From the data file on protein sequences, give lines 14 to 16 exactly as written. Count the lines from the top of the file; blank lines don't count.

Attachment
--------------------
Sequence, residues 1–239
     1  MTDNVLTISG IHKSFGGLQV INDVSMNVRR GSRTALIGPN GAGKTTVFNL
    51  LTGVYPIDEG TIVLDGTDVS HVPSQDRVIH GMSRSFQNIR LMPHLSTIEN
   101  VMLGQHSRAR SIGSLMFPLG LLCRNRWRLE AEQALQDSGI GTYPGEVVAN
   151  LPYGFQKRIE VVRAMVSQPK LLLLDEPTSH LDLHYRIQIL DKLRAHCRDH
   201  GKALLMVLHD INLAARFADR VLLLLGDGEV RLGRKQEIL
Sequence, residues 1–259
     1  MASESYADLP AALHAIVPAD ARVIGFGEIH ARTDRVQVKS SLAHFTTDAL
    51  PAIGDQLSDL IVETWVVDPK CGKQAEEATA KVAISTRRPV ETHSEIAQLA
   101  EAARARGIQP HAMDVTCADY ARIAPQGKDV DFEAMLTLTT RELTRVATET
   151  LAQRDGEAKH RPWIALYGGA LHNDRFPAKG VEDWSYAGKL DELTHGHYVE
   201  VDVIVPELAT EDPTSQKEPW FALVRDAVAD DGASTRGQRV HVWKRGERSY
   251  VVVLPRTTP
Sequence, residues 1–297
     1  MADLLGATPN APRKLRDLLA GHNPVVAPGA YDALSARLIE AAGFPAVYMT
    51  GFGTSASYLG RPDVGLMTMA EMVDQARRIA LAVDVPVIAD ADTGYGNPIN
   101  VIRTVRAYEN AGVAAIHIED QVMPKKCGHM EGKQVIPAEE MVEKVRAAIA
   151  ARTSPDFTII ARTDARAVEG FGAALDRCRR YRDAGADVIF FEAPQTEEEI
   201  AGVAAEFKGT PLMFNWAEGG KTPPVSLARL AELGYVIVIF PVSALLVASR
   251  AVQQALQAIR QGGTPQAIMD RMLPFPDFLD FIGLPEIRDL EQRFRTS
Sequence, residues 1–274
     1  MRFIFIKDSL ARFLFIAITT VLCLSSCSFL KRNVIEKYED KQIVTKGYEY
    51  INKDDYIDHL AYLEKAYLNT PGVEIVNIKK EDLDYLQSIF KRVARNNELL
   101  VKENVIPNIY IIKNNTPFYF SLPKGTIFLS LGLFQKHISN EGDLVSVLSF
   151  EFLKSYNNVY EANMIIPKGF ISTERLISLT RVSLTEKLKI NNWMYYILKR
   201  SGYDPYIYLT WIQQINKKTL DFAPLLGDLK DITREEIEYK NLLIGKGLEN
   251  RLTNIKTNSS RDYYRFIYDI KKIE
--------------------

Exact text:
Sequence, residues 1–297
     1  MADLLGATPN APRKLRDLLA GHNPVVAPGA YDALSARLIE AAGFPAVYMT
    51  GFGTSASYLG RPDVGLMTMA EMVDQARRIA LAVDVPVIAD ADTGYGNPIN